WAR AND CONFLICT: The Remain side are constantly putting out the opinion that Europe has only been at peace for the last 70 years because of the EU, and if we leave the EU we are risking another world war. However the EU is an economic union, not a military one, so it seems more likely to have been NATO which has kept the peace not the EU. Similarly there are claims that leaving the EU could spur Russia to threaten Poland and the Baltic States. However, again, all those countries are members of NATO, which, as a military alliance, is surely a better defender against war than the EU, which has no military component. This line of argument seems to be something of a red-herring.
TERRORISM/SECURITY: Remain put forward the argument that by not being in the EU, international co-operation against crime and terrorism will be compromised, and we will all be at greater risk of attack. You have to ask yourself whether you think it is realistic that EU countries would really put us, and themselves, at greater danger of attack by refusing to co-operate on security matters, simply because we refuse to be in an economic union with them. It’s also worth remembering that a large part of our international anti-terrorism work is carried out through the ‘Five Eyes’ (Australia, Canada, New Zealand, the UK and the USA), which has got nothing to do with the EU at all. This argument again seems to be something of a red-herring.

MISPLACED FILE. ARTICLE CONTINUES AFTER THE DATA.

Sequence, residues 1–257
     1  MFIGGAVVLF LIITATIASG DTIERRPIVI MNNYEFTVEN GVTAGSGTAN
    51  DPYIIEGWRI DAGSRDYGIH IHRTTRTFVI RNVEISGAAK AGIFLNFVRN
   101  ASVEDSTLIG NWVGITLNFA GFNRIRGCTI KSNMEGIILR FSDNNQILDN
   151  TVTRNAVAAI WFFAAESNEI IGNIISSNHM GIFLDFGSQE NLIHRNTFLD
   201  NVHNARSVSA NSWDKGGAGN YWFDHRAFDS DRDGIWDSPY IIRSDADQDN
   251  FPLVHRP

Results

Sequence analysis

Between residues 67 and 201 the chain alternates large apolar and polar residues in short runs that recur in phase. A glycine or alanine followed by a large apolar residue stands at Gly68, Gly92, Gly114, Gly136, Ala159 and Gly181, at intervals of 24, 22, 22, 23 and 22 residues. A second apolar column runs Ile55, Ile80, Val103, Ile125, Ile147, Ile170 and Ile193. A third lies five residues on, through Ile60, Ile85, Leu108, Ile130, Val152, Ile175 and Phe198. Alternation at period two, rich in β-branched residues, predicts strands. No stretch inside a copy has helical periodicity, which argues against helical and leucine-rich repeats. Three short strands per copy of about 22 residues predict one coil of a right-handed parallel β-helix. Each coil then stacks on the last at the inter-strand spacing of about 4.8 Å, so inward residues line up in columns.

WORLD/EU LEADERS: Apparently lots of world leaders have come out in support of us staying in the EU. Just remember they are supporting what is in THEIR interests, not OURS. Enough said.